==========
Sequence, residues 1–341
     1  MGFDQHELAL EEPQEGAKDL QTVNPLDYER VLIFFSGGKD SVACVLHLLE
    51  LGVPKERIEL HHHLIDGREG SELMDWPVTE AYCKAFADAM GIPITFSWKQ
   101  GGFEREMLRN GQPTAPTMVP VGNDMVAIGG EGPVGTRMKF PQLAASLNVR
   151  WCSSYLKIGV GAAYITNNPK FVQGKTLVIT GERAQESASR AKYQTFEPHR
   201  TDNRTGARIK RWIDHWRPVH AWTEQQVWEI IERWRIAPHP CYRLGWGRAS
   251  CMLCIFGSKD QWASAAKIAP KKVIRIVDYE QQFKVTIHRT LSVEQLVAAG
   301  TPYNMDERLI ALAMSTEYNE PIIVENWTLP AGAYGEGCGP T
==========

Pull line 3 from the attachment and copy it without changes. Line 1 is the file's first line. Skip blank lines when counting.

    51  LGVPKERIEL HHHLIDGREG SELMDWPVTE AYCKAFADAM GIPITFSWKQ